Callis began his career with the Tennessee Valley Authority as an accountant and then as supervisor of power revenue. He then worked at Tri-County Electric Membership Corporation for almost nine years, serving first as director of finance and administration and then as general manager. In 2001 he joined the Tennessee Electric Cooperative Association as the director of government and public affairs, and in 2010 he was named vice president of statewide services. Callis has served on the board of directors of the Tennessee Valley Public Power Association, the Kentucky Association of Electric Cooperatives and the South Kentucky Industrial Development Association.

Callis and wife Dawnn have been married for 32 years and have two children, Megan, 27, and Brian, 23. Dawnn works with XO Communications in Nashville. Megan works as a legislative assistant for Tennessee State Senator Tim Barnes and is attending law school. Brian is a graduate of Middle Tennessee State University and works as an accountant at Franke in Smyrna.

“David has a deep appreciation for the electric cooperative business model,” says Bill Rogers, president of the association’s board of trustees. “He is immensely talented, well respected and a passionate advocate for Tennessee’s cooperatives and their members.”

The Tennessee Electric Cooperative Association provides legislative and communication support for Tennessee’s 23 electric cooperatives and publishes The Tennessee Magazine, the state’s most widely circulated periodical.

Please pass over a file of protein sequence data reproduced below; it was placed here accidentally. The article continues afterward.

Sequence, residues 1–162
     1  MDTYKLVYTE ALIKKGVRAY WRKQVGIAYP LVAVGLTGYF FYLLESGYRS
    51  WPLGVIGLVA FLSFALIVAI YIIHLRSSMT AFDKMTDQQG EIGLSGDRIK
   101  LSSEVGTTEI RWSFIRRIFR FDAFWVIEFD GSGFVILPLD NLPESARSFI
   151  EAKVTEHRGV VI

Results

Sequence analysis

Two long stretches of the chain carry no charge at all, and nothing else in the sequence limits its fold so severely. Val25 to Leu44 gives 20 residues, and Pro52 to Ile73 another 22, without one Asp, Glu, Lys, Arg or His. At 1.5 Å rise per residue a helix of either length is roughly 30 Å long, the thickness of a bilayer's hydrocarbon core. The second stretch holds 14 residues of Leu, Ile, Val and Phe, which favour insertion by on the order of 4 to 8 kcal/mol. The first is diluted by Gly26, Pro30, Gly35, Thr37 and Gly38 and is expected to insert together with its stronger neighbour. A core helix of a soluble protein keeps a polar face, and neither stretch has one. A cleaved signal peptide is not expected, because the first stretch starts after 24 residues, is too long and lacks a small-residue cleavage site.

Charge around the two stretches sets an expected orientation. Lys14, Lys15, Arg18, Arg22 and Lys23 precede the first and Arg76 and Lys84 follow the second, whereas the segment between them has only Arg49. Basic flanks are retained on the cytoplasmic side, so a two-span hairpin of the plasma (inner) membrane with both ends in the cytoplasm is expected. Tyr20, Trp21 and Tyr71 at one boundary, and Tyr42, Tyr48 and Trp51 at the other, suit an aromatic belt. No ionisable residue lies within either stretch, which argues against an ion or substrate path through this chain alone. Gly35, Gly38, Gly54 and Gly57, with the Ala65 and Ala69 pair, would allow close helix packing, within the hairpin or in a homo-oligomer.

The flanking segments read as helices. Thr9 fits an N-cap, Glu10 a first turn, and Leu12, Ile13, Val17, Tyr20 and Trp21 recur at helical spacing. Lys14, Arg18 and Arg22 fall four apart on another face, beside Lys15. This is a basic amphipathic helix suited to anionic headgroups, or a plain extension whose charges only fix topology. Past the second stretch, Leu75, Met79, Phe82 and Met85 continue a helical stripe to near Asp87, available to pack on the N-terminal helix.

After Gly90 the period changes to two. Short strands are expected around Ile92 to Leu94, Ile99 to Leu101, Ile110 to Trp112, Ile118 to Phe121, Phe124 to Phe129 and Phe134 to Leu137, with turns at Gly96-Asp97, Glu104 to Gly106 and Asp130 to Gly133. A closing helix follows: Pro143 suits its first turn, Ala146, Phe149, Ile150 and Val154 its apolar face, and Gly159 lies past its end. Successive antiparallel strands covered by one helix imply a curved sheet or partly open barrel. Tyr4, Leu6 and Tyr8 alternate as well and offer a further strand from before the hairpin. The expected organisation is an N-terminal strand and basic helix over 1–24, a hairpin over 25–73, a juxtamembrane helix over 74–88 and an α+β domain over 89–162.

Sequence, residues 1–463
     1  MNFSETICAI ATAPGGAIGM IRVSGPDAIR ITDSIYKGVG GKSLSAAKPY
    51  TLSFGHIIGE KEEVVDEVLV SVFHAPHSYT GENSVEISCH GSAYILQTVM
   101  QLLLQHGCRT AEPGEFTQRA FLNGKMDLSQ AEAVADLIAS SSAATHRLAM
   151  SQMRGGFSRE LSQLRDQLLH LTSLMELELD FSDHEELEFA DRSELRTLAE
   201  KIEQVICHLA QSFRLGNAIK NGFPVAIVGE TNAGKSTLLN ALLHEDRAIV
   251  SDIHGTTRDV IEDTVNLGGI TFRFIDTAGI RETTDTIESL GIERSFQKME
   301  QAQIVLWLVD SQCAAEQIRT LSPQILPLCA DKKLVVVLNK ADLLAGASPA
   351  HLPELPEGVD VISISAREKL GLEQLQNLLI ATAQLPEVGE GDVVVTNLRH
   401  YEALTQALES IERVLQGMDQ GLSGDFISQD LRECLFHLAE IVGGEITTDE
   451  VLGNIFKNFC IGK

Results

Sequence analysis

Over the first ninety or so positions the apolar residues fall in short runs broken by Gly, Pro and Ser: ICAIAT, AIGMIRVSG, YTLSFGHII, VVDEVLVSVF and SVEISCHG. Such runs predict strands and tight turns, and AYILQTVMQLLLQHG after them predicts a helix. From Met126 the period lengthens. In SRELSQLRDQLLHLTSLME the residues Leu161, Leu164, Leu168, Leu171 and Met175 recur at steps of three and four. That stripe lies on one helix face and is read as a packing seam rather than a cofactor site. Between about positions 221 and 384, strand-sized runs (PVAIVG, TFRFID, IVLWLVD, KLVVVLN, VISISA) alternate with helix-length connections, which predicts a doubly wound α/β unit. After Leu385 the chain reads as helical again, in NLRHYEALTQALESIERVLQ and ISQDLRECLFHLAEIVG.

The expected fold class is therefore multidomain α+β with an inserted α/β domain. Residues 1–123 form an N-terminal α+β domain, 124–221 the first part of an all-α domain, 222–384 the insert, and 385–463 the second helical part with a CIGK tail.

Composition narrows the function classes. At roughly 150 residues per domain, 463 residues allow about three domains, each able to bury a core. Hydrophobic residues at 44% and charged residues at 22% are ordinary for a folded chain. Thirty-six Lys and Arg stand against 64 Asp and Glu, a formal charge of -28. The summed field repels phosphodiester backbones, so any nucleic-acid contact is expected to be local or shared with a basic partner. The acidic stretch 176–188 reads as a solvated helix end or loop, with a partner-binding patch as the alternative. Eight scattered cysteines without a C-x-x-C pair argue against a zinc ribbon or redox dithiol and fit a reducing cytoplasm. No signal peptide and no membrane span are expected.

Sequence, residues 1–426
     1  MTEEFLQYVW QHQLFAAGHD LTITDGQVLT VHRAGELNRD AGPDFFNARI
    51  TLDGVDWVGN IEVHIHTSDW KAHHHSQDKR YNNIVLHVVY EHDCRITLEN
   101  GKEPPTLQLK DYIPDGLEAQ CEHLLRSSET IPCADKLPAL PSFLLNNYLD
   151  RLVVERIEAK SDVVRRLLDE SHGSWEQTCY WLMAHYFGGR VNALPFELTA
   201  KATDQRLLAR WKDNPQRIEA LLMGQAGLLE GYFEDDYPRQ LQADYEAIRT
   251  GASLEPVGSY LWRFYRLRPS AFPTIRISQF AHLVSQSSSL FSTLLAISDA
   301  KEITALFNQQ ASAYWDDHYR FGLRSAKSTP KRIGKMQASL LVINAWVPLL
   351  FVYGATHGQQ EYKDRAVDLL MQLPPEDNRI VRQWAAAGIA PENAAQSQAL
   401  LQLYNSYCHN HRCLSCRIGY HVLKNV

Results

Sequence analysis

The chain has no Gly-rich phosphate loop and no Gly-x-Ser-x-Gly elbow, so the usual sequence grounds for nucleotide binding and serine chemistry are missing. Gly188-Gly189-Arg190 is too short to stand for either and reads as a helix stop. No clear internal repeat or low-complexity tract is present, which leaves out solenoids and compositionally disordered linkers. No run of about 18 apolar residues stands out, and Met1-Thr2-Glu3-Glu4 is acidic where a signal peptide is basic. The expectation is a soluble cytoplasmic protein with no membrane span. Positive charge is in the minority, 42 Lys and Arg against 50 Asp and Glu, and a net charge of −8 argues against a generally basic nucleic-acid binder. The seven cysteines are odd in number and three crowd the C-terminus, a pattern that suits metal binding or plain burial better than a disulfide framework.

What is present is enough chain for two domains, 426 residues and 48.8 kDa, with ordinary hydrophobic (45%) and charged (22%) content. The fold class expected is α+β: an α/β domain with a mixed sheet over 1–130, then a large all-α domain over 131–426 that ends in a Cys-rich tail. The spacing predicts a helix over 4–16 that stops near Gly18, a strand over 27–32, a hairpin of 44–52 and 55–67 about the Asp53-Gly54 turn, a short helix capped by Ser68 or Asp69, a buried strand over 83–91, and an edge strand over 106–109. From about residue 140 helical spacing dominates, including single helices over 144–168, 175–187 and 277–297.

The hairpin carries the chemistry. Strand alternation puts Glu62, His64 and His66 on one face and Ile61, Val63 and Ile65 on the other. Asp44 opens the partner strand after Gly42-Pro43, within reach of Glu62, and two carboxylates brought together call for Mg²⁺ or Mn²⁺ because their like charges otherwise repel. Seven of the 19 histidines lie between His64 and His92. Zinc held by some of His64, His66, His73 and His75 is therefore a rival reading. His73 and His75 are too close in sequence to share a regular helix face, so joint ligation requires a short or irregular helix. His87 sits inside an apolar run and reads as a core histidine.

Download a high-resolution image of David Callis.

 

In the first week of session, the primary focus of both the House and Senate has been on the 10-year reapportionment of legislative districts. While there was some debate over the composition of these districts, as well as several tweaks along the way, the plans were approved almost as originally presented.

An initial analysis of the new districts shows that the plan does not cause any tremendous impacts to Tennessee’s cooperatives, or any of our cooperatives’ strongest supporters. That said, a number of changes in representation among cooperatives will occur.  For example, the headquarters locations of seven or TECA’s members will now be located in a new Congressional District.  TECA staff is working to produce lists and/or maps of the districts that will be a part of each cooperative’s service area.  These will posted on the Members Only section of the website soon.

Tennessee State House Districts

Based on 2010 population

Tennessee State Senate Map

Based on 2010 population

 

 

 

 

 

US. Congressional Map

Based on 2010 population

by Tom Purkey, Executive Vice President and General Manager for the Tennessee Electric Cooperative Association

I had a wonderful November. Each year representatives from all Tennessee electric co-ops gather for an annual membership meeting, just like the individual cooperatives do, featuring speakers who provide a host of useful information and political leaders to report on our state and country.

This year’s meeting was special for me: It was my last. I gave my usual report to the representatives of the 23 member electric cooperatives that make up the Tennessee Electric Cooperative Association; however, on the first evening, I was honored that more than 400 people attended a reception for me. Four managers who do what I do at other states even came and made really kind remarks.